What’s to love

Let’s get this out of the way: as far as I know, it’s not technically legal to hike to Graffiti Pier, the remains of a coal-loading dock owned and subsequently abandoned by Conrail in the 90’s. But lot of people do it anyway—including local Port Richmonders like me, who desperately wish we had some kind of public access to the waterfront.

(Graffiti Pier is currently going through lots of changes. In mid-May of 2018, the police started cracking down on tresspassers at this location. Since then, we’ve heard rumblings that the city is planning to turn the site into an actual public park, and there are big plans for a neighboring development. Whatever happens, the site is under increasing scrutiny of late.)

Dressed in a brightly-colored coat of drawings and tags, the decaying concrete structure that sits on what was once Pier 124 has become a popular hangout for street artists, photographers, paintball players, and, uh, underage drinkers. Most pier-goers are friendly, but the area is remote and you should use some caution if you’re planning to explore.

That said, one of my favorite things to do is poke around the woods just north of the pier. Calling them “woods” is a little charitable—this is a young, mangy-looking forest, with lots of plants that thrive in poor conditions. You know the Paulownia tree? A Paulownia is so stubborn it can grow from a crack in a brick wall. And you’ll find plenty of them here, along with their partner in not-giving-a-crap-about-soil-quality, the Staghorn Sumac.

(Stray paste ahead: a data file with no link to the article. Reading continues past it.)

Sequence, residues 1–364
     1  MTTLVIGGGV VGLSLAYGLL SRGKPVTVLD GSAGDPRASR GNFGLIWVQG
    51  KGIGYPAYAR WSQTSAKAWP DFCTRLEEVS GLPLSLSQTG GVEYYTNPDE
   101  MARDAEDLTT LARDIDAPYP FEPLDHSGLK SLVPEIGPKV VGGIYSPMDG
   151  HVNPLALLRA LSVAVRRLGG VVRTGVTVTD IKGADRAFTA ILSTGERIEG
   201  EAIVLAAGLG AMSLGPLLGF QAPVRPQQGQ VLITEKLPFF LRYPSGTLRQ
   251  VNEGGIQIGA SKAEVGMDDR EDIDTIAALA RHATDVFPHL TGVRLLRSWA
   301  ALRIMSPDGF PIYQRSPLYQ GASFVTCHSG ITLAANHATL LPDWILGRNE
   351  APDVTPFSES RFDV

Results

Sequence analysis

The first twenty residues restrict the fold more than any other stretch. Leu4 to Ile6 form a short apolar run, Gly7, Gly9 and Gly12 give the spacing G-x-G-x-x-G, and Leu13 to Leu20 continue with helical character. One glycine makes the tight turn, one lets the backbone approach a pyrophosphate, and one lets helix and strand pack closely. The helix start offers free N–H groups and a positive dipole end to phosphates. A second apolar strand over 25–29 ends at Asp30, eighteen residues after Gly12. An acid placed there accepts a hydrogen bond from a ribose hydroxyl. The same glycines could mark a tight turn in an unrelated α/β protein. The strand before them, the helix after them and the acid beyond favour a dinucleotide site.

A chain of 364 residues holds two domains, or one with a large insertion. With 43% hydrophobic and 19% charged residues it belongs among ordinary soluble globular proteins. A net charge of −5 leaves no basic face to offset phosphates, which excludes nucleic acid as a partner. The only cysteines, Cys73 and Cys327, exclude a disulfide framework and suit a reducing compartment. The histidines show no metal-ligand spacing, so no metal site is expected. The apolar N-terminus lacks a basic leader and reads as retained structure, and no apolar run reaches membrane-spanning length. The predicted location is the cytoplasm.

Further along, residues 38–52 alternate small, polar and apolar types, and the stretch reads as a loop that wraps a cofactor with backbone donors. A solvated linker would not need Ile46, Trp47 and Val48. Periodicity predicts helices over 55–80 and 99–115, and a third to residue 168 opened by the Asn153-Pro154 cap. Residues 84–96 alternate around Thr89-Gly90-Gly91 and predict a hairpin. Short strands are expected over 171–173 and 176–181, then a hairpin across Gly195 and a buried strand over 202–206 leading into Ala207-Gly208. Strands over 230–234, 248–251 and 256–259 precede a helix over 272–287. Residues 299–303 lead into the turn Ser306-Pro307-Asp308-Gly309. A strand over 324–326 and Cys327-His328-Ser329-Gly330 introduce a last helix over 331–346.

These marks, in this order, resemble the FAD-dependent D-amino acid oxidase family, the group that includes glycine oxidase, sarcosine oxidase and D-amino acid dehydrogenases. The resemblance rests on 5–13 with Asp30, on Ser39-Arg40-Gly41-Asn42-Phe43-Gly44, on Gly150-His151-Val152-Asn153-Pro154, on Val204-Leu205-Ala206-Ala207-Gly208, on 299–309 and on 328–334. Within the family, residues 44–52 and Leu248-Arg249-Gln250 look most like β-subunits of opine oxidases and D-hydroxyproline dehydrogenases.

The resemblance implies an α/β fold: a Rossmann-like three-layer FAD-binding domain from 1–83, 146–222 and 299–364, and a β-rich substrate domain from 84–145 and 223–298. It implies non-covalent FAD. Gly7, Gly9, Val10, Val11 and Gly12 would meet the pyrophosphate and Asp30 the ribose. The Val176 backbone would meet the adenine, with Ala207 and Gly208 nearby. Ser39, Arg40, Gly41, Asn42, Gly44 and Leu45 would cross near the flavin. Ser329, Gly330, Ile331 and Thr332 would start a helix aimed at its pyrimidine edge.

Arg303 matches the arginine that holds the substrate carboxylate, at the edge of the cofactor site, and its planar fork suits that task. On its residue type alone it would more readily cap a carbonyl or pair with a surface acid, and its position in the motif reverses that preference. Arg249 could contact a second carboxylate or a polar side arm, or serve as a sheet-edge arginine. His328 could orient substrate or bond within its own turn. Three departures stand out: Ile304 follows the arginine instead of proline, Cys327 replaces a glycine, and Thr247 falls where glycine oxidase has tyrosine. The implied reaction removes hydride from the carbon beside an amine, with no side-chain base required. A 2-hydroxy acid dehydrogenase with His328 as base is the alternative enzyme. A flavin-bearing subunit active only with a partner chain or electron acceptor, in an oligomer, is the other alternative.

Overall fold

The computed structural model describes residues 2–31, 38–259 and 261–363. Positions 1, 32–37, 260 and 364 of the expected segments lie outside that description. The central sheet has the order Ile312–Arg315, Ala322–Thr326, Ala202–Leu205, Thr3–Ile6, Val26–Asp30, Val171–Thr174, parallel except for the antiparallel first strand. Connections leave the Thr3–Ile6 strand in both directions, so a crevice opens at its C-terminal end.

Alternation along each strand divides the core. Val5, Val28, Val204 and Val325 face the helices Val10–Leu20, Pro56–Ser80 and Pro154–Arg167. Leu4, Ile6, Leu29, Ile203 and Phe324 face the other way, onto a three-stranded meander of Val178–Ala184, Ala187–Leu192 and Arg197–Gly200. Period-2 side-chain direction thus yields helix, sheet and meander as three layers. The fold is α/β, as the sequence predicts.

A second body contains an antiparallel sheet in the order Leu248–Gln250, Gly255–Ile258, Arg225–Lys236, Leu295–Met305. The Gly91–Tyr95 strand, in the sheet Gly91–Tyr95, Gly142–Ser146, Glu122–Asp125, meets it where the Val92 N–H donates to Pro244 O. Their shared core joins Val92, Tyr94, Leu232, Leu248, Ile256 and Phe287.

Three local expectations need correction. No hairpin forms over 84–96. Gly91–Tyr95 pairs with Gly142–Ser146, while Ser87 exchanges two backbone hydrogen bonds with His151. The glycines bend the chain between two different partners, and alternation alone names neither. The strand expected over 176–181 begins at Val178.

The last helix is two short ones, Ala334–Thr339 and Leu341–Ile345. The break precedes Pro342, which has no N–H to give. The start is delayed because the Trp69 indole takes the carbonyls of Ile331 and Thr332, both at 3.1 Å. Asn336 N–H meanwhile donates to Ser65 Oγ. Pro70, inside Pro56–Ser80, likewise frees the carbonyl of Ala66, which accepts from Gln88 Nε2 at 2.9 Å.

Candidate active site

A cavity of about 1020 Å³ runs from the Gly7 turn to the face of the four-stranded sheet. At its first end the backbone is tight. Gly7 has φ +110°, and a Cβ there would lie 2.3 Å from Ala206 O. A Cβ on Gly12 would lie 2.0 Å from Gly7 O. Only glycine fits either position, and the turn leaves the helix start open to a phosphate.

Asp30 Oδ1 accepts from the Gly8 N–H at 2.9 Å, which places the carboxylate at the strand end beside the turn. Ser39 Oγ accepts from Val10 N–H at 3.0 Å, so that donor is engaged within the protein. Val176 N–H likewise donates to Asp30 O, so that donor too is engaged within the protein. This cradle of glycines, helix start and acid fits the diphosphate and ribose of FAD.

Winding through the weed trees is a network of dirtbike trails, dotted with the occasional pile of illegally-dumped construction waste. Like John Heinz before it, this is an excellent place to trip over a toilet. And while it may not sound like a promising day hike, there’s a surprising amount of wildlife hidden in this little wedge of unused land between the interstate, the railroad and the river. I’ve seen deer tracks, fox holes, ducks and seabirds… in fact, on the very day I’m writing this I had the bejesus scared out of me by a groundhog I was not expecting.

In my dreams, the City of Philadelphia follows the John Heinz model and takes this place from a dump to a fully-fledged pocket wildlife refuge. Until then, hike it at your own risk.

Tips and quirks

  • The “trail map” above outlines the existing paths as best I can tell from Google Earth. The most recent satellite image is several years old, but I don’t think they’ve changed much.
  • In addition to Graffiti Pier, several other abandoned piers are accessible. They offer lovely views of the river, but no art.

Last updated: July 16, 2019

A small disclaimer: This website is not affilitated with the City of Philadelphia, its parks department, local non-profits, or any state or federal organization. Opinions reflected here are solely the author's: a regular person who happens to enjoy hiking. Like all outdoor activities, hiking carries some risks (including medical and personal safety risks) and requires preparation and supplies. Routes and conditions may have changed since this post was written. Make sure you follow all posted rules and local laws, as certain activities (like off-leash dogs or leaving marked trails) are frequently prohibitied.